Nnorom, the vice president and chair of the Black Physicians Association and a family physician at the TAIBU Community Health Cenre, also called for a focus on youth and other vulnerable populations.
She urged them those in attendance to advocate for race and ethnicity-based data so they can identify and champion interventions that work.
Dr. Nnorom had them all saying: “We face challenges, but still we rise. The revolution will not be televised; it's happening, live. In solidarity, stay calm and decolonize. We must have a long-term vision and strategize.”
Sections of her talk were inspired from poems such asStill I Rise” by poet, Maya Angelou,The Revolution Will Not Be Televised” by poet, Gil Scott-Heron, and “Keep Calm and Decolonize” by Buffy Sainte-Marie, Canadian Cree singer-songwriter.
Using the definition of ‘revolution’ from the Webster dictionary as “a fundamental change in the way of thinking about or visualizing something: a change of paradigm,” Dr. Nnorom said it is “not swift/sudden/violent, but there is a fundamental change that is occurring across North America.”
She said change is happening, it is too slow but steady --sometimes over generations – and that most of it due to policies not directly related to the provision of healthcare.
We need to advocate for race and ethnicity-specific data to identify disparities but also to measure progress in Canada, and to identify and prove what works.”
Dr. Nnorom, who is also the University of Toronto MD Program black health theme lead, encouraged participants to “continuously identify and question the negative messages we have been taught about other groups, each other and ourselves.”
“All forms of racism, discrimination are related forms of oppression,” she said.
She also underscored the importance of understanding indigenous history, oppression and advancement.
“It took a long time to establish racial inequities; it will take time to correct it. We need to understand and teach about our own history and oppression in this country and throughout ‘the colonies’ populated by the African diaspora.”
She told them to remember that discrimination based on our intersectionalities (income, ability, gender, sexual orientation) is counterproductive, and to appreciate “the impact of intergenerational trauma on our present state.”
The Black Health Alliance (BHA) is a not-for profit, charitable organization focused on the health and wellbeing of Black Canadians.

The recently passed Anti-Racism Act, 2017; Ontario’s 3-Year Anti-Racism Strategic Plan; Interim Toronto Action Plan to Confront Anti-Black Racism and the International Decade for People of African Descent make it timely to build sustainable and meaningful action with a Black Health and Well-being Strategy, it said.

“Without a strategy aimed at improving elements within public systems that have a detrimental impact on black lives, we will continue to be over-represented among those who are suffering and under-represented among those who are fully engaged,
benefitting from and thriving in society,” said BHA president, Dalon Taylor.

“The time for a black health and wellbeing strategy is long overdue. A coordinated initiative to strengthen the capacity and resiliency of the Black community is needed,” she explained.

[This story has been published in the North American Weekly Gleaner, Nov. 23-29, 2017.]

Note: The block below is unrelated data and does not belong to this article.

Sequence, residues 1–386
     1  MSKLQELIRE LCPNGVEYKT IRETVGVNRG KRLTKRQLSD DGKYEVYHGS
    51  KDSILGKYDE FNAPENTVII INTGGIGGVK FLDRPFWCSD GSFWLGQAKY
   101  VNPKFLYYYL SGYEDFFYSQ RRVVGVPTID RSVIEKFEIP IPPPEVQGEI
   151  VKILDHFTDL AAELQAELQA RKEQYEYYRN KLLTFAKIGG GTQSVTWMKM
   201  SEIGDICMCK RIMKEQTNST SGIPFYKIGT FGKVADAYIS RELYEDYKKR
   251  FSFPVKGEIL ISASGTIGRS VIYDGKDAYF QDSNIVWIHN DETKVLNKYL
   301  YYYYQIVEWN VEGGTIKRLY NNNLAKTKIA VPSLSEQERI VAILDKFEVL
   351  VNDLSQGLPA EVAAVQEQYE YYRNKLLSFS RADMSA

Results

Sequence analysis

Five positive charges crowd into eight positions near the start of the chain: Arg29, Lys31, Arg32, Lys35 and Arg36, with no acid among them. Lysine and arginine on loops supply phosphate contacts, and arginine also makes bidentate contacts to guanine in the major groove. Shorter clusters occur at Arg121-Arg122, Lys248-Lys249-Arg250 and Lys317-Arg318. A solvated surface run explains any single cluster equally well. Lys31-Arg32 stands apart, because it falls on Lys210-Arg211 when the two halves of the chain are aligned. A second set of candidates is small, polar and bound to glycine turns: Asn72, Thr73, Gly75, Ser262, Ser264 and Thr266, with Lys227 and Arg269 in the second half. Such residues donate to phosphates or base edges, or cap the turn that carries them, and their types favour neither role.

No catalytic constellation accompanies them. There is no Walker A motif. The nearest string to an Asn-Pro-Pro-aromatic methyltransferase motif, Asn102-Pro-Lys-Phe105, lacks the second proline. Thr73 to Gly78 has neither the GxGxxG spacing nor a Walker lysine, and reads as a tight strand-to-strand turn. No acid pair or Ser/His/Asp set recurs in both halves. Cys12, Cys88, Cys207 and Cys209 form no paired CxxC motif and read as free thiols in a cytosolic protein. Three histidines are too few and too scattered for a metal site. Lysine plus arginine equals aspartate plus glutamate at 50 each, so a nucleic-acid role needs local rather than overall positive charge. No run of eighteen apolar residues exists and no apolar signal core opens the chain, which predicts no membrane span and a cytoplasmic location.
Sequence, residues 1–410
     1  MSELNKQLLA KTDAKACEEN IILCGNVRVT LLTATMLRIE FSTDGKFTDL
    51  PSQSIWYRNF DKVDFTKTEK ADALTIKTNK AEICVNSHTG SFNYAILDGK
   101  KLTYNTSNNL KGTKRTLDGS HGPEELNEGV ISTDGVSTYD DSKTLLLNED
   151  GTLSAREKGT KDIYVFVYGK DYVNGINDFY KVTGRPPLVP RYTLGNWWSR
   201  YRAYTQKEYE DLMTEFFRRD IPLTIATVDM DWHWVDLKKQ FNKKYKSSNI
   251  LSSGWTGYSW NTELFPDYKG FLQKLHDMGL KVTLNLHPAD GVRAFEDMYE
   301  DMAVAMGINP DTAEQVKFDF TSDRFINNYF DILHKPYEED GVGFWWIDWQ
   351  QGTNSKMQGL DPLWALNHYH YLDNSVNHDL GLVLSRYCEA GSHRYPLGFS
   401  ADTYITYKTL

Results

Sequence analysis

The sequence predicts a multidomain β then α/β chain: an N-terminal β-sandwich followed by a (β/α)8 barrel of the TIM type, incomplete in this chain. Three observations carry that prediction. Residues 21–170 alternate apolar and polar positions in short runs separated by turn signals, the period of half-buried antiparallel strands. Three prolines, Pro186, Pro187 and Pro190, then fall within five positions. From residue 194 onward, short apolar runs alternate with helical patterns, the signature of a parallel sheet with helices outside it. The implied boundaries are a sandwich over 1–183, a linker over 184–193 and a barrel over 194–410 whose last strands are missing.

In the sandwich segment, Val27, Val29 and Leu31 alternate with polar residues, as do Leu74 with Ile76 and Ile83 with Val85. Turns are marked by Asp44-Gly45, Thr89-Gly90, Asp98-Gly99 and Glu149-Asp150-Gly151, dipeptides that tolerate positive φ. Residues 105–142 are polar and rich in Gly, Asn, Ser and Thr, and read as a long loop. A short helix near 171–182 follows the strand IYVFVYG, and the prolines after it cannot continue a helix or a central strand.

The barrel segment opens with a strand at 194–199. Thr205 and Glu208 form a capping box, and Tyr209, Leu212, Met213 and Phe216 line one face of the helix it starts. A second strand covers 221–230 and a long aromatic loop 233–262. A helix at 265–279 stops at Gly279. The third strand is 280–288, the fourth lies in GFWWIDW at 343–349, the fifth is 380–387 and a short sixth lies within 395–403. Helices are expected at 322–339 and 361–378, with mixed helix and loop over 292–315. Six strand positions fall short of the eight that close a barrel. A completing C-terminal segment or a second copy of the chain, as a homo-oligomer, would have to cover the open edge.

Black Community in Peel Meets to Discuss Crucial Concerns

By Neil Armstrong

From left: Sharon Fletcher, Danielle Dowdy, Yolande Davidson and Audrey Campbell at the 'JCA Let's Chat' event in Brampton, Ontario.

The frigid temperatures did not dampen the enthusiasm of many members of the Region of Peel’s black community who attended a town hall meeting to discuss issues affecting their lives.

Organized by the political advocacy committee of the Jamaican Canadian Association, “JCA Let’s Chat,” is the first of a quarterly series and was held at Xaymaca, a local restaurant in Brampton, Ontario on November 9.

In her opening remarks, JCA president, Adaoma Patterson, noted that Jamaica is among the top ten places of origin of people living in Peel, particularly those living in Brampton, and to a lesser extent Mississauga.

She pondered what that meant in terms of political power, noting that in the 1980s politicians used to come to the Jamaican community regarding various matters.

That has changed to the extent that a politician told Patterson in 2015 that “your community does not vote.”

The forum was held to discuss the issues impacting the black community and the role that the community can play in them.

Patterson noted that Brampton West has been identified as having the highest number of Jamaicans per capita of any riding in Canada.

Garnett Manning, a former Brampton city councillor; Michelle Richards, co-chair of the Peel Police Black Advisory Committee; and Kathy McDonald, Peel District School Board trustee spoke on issues such as political engagement, policing, the child welfare system and education.

The facilitator was Danielle Dowdy, who along with Yolande Davidson and Audrey Campbell organized the event.

Manning said democracy demands participation and that a free democratic society elects its leaders through the process of voting.

He said some people could be apathetic but the beneficiaries of the system are those who participate.

The former councillor said there are three steps to political involvement, starting with the individual.

“It begins with you and it ends with you,” he said, emphasizing the importance of parents taking their children to the polling station on election day so that they see them actively participating in the process.

Manning also told them that they could be ‘squandering an important opportunity’ if they do not vote strategically.

“Think about what you want candidates to have on their platform,” he said, encouraging them to run as candidates too.